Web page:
Fighting Islamophobia through art
Artists seek to address prejudice surrounding Islamic identity
HUSAIN Essop remembers the day he was ordered to get off a train in Hamburg, Germany, and questioned by police who suspected him of being a terrorist.
“I got on the train and many of the people thought I was going to blow it up,” says Husain.
“For the first time in my life I put fear into people when they looked at me.”
Husain was in Germany with his twin Hasan last year when the incident occurred. The artists were there to conduct art workshops for refugees.
“It was during the time of the terrorist attack in Nice, France, that this happened. The passengers on the train had the police follow us. It made me very upset inside.”
It wasn’t the first time the Cape Town-born twins experienced Islamophobia in Europe.
“We’ve been randomly selected at airports, pulled aside and interrogated,” says Husain.
“When we walk in the streets we’ve had people spit in front of us. We’ve been declined help at the counter of some stores. When we’re standing in a tram, we’ve seen people separating themselves from us and leaving a huge gap, even though the train is so full. It’s happened countless times.”
These incidents “of hate” have provided the inspiration for their latest art exhibition, Refuge.
The award-winning artists from Rylands are on their way to Joburg to stage the exhibition, which seeks to address prejudice surrounding Islamic identity in the secular world.
Their work, featuring photography, sculptures and videos, will be at the Goodman Gallery, Rosebank, from July 15.
From the perspective of young Muslims living in the Islamic diaspora, the Essops have produced new works that investigate mainstream media representations of the refugee crisis according to the perception that there is increasing misunderstanding and fear of Islam in the secular world.
“The exhibition is more a collection of things we’ve encountered, especially from the media, and what’s been at the forefront of the media,” said Hasan.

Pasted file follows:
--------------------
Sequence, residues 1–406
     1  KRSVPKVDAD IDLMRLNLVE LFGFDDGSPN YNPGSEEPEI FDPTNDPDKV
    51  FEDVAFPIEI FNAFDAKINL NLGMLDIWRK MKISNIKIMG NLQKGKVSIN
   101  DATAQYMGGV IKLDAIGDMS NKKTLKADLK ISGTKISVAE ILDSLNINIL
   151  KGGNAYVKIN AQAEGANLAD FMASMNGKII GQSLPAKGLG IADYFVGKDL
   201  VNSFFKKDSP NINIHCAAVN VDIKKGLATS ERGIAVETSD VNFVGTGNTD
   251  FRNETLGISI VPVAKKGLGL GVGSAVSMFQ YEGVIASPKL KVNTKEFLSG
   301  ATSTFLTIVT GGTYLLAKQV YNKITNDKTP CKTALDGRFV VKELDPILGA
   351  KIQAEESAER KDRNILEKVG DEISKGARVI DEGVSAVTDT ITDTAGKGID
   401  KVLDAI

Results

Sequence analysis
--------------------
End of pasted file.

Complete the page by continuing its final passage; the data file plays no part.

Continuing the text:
“Our work specifically looks at the Syrian crisis, the refugee crisis, Isis (Islamic State), and the impact it has had on the world, and especially the negative impact its had on the image of Islam.”
The exhibition comprises 10 stills, four portraits, a video piece and two installations.
“We’ve stayed true to our process where we use ourselves in our photographs,” says Husain. “All our images have been shot in Cape Town, but we’ve made it look as if we’re in the Middle East.”
The 31-year-old twins, who have full-time jobs as art teachers, have been working on the Refuge exhibition for two years.
“It took a lot of hard work and scouting for perfect locations – one of the images looks like a guy in Palestine.”
They hope their exhibition sparks debate among South Africans.
“Islamophobia is getting worse,” says Husain. “After the Germany incident I was so happy to come home because here we live in a country tolerant of all religions and race.
“With all this Islamophobia, people are blatantly showing they don’t like you. When I came home from Germany, though, I couldn’t help but fear that I was going to get hatred here as well. There is so much hatred around the world.” Hasan agrees. “Islamophobia is dividing people. There’s a clear left and right. The right has been getting a lot more support.
“People like Dutch politician Geert Wilders are preaching hate speech and being applauded. When people in high positions justify clear human rights violations, it spreads down.”
They’re unsure of the feedback their exhibition will receive. “I’ve shown a few people some of the images and it has stirred the pot a bit,” says Husain.
“Because it’s dealing with such sensitive topics, like the Syrian crisis and Isis, people tend to react negatively. I’m so scared, I actually don’t know what to expect.”
Hasan expects some people to misread the images.
“We try to make it clear in our images that we don’t support Isis and don’t think Isis is anything Islamic.
“Our work is focused on creating a conversation that these terrorist groups are not Islamic and we’re creating that awareness to start a conversation.”
Hasan and Husain Essop, Untitled (House), 2017.
Hasan and Husain Essop, Usual Suspects, 2016.
Hasan and Husain Essop, Untitled (Wall), 2016.